What is the target audience?

  • This course is for you if want a refresher course in SQL, or are learning SQL for the first time.
  • This course is for you if you are working towards the requirements for exam 70-461, or if you just want to expand your knowledge of T-SQL.
  • If you are starting from the beginning, then you should look at my sessions 1 to 5 courses before taking this session 6.


Section 1: Introduction
Welcome back. A quick recap of where we are.
We’ll have a look at the structure of this session, and what we are going to learn.
Section 2: Objective 7: Sub-queries
A reminder of the tables that we created all the way back in Session 2.
We’ll have a look at using subqueries in the WHERE clause.
We’ll have a look at using subqueries in the WHERE clause, and how much care you have to use with using the word NOT.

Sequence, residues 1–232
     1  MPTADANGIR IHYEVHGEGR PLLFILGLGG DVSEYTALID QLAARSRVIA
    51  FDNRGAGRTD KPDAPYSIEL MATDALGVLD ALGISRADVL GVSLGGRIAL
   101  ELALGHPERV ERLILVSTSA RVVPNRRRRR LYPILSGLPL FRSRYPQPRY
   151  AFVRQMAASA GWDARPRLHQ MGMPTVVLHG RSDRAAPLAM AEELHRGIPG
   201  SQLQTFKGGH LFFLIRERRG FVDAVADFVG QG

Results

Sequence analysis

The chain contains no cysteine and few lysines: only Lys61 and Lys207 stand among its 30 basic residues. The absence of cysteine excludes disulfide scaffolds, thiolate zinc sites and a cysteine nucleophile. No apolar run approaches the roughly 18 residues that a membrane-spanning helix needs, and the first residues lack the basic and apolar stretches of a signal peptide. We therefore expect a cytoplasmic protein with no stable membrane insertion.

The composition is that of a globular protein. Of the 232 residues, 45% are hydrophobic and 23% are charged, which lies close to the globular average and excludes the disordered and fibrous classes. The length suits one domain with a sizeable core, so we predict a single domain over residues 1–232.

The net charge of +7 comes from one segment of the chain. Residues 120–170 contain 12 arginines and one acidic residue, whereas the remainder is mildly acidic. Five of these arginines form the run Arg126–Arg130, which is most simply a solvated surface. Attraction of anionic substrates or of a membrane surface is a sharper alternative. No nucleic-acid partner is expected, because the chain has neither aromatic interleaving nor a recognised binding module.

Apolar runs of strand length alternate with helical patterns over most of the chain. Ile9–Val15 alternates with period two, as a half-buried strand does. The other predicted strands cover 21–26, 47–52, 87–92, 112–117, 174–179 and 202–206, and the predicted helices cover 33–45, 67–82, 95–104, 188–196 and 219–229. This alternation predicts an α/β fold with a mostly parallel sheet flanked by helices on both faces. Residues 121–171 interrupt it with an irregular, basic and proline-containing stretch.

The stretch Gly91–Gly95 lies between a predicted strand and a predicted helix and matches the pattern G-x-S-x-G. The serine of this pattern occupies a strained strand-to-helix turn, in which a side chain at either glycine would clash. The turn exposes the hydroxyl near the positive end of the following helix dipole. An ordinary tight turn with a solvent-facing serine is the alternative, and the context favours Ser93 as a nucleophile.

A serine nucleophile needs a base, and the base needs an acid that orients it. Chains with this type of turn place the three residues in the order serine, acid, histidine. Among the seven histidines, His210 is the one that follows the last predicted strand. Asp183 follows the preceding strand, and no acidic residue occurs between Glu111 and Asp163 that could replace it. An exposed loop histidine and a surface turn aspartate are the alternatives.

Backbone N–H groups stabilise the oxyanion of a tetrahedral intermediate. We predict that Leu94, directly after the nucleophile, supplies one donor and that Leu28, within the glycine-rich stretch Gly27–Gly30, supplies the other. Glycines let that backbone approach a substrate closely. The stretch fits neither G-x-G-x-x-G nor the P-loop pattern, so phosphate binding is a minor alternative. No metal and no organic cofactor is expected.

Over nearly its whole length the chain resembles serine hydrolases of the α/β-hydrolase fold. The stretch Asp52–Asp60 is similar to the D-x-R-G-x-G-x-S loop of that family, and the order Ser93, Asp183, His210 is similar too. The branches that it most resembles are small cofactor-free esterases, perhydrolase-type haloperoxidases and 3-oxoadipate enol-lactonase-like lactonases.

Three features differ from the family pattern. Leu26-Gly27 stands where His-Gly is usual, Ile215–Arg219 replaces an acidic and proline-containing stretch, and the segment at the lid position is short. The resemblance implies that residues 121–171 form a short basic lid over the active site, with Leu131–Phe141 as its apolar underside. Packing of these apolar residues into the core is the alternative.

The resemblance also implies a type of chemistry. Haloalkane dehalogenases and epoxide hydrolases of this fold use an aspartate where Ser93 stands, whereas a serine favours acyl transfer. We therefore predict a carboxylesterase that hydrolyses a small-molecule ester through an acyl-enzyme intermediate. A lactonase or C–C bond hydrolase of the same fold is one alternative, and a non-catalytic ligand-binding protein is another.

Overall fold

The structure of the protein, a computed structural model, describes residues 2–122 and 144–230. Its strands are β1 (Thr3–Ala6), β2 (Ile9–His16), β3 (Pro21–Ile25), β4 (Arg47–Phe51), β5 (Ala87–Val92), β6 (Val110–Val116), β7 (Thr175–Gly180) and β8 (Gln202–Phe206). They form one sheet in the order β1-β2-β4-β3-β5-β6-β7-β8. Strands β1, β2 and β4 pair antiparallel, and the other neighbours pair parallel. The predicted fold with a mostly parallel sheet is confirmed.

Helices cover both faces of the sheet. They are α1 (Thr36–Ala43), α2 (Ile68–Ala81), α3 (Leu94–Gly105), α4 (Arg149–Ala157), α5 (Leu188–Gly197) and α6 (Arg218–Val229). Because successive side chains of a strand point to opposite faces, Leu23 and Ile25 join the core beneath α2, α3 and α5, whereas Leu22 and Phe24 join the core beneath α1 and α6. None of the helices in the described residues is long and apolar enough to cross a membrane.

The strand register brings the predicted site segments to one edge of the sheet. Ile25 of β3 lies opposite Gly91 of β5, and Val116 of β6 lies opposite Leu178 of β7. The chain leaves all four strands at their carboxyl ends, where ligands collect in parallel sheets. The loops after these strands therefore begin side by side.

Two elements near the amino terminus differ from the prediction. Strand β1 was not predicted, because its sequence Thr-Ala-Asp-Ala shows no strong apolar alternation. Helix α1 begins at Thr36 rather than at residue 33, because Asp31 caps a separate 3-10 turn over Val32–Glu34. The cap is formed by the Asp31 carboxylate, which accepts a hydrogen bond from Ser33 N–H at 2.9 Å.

We’ll expand our use of the WHERE clause by looking at ANY, SOME and ALL.
We’ll be looking at the use of subqueries in the FROM clause.
We’ll look at using subqueries in the SELECT clause, and see that we have to use correlated subqueries in the SELECT clause.
We’ll revisit the WHERE clause, and use correlated subqueries in the WHERE clause.
We’ll look at objective 6a, and use a subquery to obtain the top 5 from various categories.
Section 3: Objective 7e: WITH statement
We’ll introduce the WITH statement, and see how it can clarify our code.
We’ll find out what Employee Numbers have not been used, and find out why we have to generate a list of numbers using WITH and ROW_NUMBER to do so.
We’ll summarise the above table by grouping together consecutive numbers.